Did you know who your main competition would be?

I knew that Julie Baker from California was going to be one of my main competitors; she beat me by less than a minute at the U.S. Championship and I knew she was going to bring her best to Maui.  Being the World Champs, I knew there would also be a lot of other wicked fast women out there from other countries I hadn't competed against yet.  Last year, the top 3 overall amateur women were all in my age group, 25-29, and non-American, so I figured I'd have to get top 2 overall and really bring my A-game to hope to win my age group!

How cool was it to race against people from all over the world who were in your age group?

This is one of the biggest reasons I love to race XTERRA World Champs so much!  I made a couple amazing new friends and we are already scheming plans for epic mountain bike and adventure trips in Canada, New Zealand, the U.S., and more!

Did the calm waves help you or help your competition?

Living in Colorado Springs, I have been able to live and train at 6000+ft, so swimming at sea level with its bountiful, sweet sweet oxygen felt great!  The calm waves didn't help or hinder me, however. I came out of the water about the same distance back from my competitors as I did at U.S. Nationals.

When did you have to really dig deep?

The bike at Worlds is just plain punishing; scorching heat, relentless hills, and a single track battlefield.  I knew that this race is often won and lost on the bike, so I definitely dug deep out there to try to stay focused, eat and drink as much as possible, and not get too dazed in the heat and humidity.

Who or what was your inspiration?

I truly love the sport, the people, and adventuring in the outdoors.  When times got hard and strained this year I would reach out to my amazing training buddies and best friends, and they would always be so incredibly encouraging and continue to believe in me.  One of my closest friends and XTERRA pro, Kara Lapoint, is one of my main supports and a huge inspiration to me this year.  She battled through breaking and having surgery on her hand, a torn ligament, sickness, crazy life/work stuff, and so much more to come out and crush it at Worlds and place in the top 5 for the U.S Pro Series!  I'm so proud of her and feel beyond pumped for next year and another great season of racing!

Craziest, weirdest, funniest thing that happened on race day?

Coming straight out of accelerated nursing school to Worlds, I've been pretty short on cash, so I actually slept on a friend of a friend of a friend's couch during my trip at Worlds.  It was great because it was free housing with a great host, but less ideal because they didn't have air conditioning.  It got hotter every night leading up to race day, and after sweating all night two nights before the race, I knew I couldn't go into race day dehydrated.  I ended up having a place to stay that was air conditioned the night before the race, but it made for an exciting day before the race!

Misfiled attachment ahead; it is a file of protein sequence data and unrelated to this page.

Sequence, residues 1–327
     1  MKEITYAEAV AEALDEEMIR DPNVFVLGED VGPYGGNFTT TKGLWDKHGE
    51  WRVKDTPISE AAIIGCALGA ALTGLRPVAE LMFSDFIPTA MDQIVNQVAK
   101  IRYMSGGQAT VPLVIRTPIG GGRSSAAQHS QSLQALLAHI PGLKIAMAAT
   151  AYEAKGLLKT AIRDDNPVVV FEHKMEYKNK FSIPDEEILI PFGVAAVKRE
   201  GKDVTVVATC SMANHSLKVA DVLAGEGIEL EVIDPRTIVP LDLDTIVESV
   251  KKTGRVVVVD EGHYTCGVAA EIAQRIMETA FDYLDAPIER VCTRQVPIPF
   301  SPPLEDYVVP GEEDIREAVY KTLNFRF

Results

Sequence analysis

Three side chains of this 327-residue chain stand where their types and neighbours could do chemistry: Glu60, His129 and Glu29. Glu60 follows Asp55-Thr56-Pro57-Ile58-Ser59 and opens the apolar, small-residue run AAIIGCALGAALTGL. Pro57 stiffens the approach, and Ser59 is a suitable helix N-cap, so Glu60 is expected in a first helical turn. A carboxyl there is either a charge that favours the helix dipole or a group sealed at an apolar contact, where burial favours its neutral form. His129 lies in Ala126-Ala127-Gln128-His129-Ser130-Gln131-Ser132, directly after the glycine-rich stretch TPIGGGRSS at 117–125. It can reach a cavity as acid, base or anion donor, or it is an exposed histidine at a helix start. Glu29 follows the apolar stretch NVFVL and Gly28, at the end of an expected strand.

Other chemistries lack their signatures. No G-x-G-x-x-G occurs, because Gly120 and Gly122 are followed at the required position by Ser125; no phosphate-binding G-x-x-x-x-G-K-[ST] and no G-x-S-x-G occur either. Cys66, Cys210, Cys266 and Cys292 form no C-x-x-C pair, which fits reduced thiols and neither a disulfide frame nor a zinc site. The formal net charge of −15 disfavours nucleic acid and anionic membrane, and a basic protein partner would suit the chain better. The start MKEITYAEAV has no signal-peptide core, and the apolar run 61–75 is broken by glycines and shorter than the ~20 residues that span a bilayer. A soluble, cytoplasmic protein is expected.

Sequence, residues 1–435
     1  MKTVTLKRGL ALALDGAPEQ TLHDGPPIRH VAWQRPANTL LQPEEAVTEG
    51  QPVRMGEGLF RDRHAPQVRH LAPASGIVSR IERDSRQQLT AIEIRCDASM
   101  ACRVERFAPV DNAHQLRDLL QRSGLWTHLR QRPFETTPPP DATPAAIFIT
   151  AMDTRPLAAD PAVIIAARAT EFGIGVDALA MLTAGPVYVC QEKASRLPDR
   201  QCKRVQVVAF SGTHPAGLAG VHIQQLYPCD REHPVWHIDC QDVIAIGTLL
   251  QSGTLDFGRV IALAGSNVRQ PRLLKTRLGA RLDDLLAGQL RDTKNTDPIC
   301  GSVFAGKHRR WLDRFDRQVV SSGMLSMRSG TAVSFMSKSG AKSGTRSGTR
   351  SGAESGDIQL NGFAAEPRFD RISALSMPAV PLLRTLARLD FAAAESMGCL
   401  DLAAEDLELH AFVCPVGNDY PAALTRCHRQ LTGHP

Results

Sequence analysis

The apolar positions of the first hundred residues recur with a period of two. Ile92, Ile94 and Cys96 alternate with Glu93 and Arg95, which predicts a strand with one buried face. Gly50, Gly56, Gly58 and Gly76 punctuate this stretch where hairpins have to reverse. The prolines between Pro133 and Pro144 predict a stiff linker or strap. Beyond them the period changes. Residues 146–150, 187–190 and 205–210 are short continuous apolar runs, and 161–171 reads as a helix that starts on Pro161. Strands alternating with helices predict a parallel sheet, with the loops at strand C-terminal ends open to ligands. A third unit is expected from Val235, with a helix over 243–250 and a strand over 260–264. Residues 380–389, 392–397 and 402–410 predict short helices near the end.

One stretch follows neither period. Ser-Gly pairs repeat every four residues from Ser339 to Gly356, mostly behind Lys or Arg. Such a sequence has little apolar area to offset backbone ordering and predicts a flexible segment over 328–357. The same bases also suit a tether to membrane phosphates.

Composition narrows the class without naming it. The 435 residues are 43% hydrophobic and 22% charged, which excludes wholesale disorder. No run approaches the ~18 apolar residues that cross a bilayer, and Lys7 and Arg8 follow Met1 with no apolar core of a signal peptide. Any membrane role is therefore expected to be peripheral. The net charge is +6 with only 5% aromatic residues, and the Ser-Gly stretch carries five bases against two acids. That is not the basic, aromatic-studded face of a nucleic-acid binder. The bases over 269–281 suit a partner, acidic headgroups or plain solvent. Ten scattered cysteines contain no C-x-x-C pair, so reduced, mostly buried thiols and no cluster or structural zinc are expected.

How did you celebrate?

Man, did we have a great time celebrating!  Not only was I celebrating the World Champ win, I was also celebrating finishing nursing school, passing my nursing state boards, and scoring my dream job as a Pediatric ICU nurse!  My closest XTERRA friends and I lived it up at the banquet dinner, dressed like crazy-awesome Ninja Turtles for the Halloween party, won 2nd place at the costume contest to win a 6ft long board, and danced our hearts out.  I was also able to stay a few extra days after the race in Hawaii and loved swimming with the sea turtles in the awesome waves, cliff jumping, and exploring Maui and Lanai with amazing friends and family.

Are you planning on coming back to defend your crown next year?

I am planning on racing Worlds next year and will be looking to cat-up to pro.  This race is one of the most epic races in the world and I wouldn't want to miss it for anything!

Anything else??

It has been so exciting and motivating to be able to race the XTERRA American Tour over the last few years.  Since I've moved three times into three different XTERRA regions, I've been able to race my heart out over a wide variety of regional courses and terrain; from racing with swarms of stinging jellyfish in the Puget sound, to riding high above Sapphire-blue Lake Tahoe on the Flume Trail, to climbing and descending through jacked rock and aspen-painted hillsides in the Rocky Mountains.  What a great way to explore the amazing trails and countryside of the U.S.!  Keep it up, XTERRA!  You continue to inspire!